Other studies indicate that altered FN expression may directly or indirectly influence aqueous outflow. For example, in the juxtacanalicular tissue (JCT), where FN is extensively co-localized with myocilin [39,40], a protein believed to regulate aqueous outflow, it is possible FN may influence myocillin function and indirectly influence aqueous outflow. In another study, FN in aqueous humor was reported to exhibit powerful chemoattractant characteristics toward trabecular meshwork cells, which may partly be responsible for TM cell loss in POAG . Taken together these findings suggest that FN mediated cellular interactions may influence aqueous outflow.
Under high glucose conditions, we have observed reduced proliferation of HTM cells similar to our observation in vascular endothelial cells [42,43] and bovine TM cells  grown in high glucose. Studies on microvascular endothelial cell proliferation have indicated that with increasing duration of exposure to high glucose the antiproliferative effect becomes more pronounced . Currently it is not well understood how high glucose affects cell proliferation. Studies indicate that high glucose induces apoptosis in vascular endothelial cells and pericytes, and in turn, might influence cell proliferation and growth [44,45]. In diabetic individuals, the anti-proliferative effect of high glucose on TM cells may play a role in TM cell loss known to be associated with POAG .
The advantages of various in vitro model systems are often accompanied by certain drawbacks, and therefore it is important to note that the present data are initial steps in understanding the overall process of the role of excess matrix production in aqueous outflow associated with POAG. The cell monolayer culture system used in this study provides an opportunity to assess whether overproduction of ECM by the TM cells may contribute to reduced aqueous outflow but does not take into account other biological processes as well as the anatomical structures involved in the outflow passage in an in vivo system. For example, matrix accumulation is not only the result of excess production of ECM components but is also a dynamic process where proteases such as matrix metalloproteinases and tissue inhibitor of metalloproteinases [3,46] play a role in regulating the degradation of the matrix. Overall, our findings are indicative of a promising first step towards understanding the role of excess matrix accumulation in the outflow passage.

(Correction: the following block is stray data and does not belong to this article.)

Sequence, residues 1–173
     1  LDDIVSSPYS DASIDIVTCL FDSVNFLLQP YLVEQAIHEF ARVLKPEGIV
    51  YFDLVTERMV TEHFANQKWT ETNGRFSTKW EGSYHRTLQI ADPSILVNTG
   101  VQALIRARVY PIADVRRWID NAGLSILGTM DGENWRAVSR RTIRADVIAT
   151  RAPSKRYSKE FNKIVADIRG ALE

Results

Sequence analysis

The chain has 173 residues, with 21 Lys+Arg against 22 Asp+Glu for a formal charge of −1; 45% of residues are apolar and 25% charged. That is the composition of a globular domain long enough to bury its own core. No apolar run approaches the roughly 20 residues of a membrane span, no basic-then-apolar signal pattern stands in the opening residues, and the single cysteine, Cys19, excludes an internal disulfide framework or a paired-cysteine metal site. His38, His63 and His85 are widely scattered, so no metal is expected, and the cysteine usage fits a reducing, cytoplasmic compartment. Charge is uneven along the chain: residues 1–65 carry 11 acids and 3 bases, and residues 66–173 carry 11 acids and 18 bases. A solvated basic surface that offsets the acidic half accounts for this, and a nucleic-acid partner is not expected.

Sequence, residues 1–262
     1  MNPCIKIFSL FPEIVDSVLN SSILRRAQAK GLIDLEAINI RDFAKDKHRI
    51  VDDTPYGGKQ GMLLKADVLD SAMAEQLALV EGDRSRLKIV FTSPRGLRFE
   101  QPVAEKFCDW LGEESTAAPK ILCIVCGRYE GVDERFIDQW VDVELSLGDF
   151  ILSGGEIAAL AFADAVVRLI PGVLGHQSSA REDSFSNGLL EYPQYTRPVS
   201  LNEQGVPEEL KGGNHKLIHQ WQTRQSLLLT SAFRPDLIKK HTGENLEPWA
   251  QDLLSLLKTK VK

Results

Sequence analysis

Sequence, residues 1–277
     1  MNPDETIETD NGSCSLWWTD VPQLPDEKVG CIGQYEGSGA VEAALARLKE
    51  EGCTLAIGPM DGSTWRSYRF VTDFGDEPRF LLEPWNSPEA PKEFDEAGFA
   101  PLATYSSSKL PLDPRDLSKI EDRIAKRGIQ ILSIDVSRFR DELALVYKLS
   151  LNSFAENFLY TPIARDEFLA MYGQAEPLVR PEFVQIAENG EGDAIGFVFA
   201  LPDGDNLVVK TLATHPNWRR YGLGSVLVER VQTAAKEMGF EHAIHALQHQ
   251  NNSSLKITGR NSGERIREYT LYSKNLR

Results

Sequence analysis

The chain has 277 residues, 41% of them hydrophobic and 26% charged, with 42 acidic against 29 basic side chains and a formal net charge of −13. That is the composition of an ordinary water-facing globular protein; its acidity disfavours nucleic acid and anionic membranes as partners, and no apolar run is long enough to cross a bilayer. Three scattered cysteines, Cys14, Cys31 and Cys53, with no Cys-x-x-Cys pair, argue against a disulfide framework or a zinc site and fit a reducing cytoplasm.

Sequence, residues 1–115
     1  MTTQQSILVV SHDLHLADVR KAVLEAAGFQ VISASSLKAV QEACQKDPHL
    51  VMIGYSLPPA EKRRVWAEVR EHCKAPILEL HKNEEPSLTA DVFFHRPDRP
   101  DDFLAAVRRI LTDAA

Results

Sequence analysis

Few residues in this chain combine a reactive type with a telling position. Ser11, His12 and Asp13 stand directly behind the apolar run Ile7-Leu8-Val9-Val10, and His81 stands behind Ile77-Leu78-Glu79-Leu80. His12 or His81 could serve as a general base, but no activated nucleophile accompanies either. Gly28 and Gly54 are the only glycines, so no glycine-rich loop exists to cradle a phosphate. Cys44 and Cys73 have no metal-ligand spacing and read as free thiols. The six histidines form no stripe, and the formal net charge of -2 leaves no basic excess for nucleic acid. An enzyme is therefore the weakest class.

In this study we have observed that antisense oligos can specifically reduce FN overexpression in HTM cells. To the best of our knowledge this is the second report in which specific gene expression was downregulated using antisense oligos in HTM cells. The other report had shown that antisense oligos reduced expression of the tight junction protein occludin, in HTM cells . Several strategies have been used for modulating gene expression in human trabecular meshwork cells including the antisense mRNA approach that requires virus mediated plasmid transfer . This study demonstrates that antisense oligos offer a powerful, non-virally mediated means to downregulate specific gene expression in HTM cells. In addition, the finding that cell transfection with antisense FN was well-tolerated by the human trabecular meshwork cells indicate that antisense strategy may be useful for facilitating aqueous outflow. Further studies are necessary to understand the role of excess FN accumulation in aqueous outflow resistance and its consequence in pathogenesis of primary open angle glaucoma.
Research work was supported by grants from the American Diabetes Association, and the National Eye Institute, NIH (EY11990-01A1), and in part by departmental grants from MA Lions Eye Research Foundation, Inc., and Research to Prevent Blindness, Inc.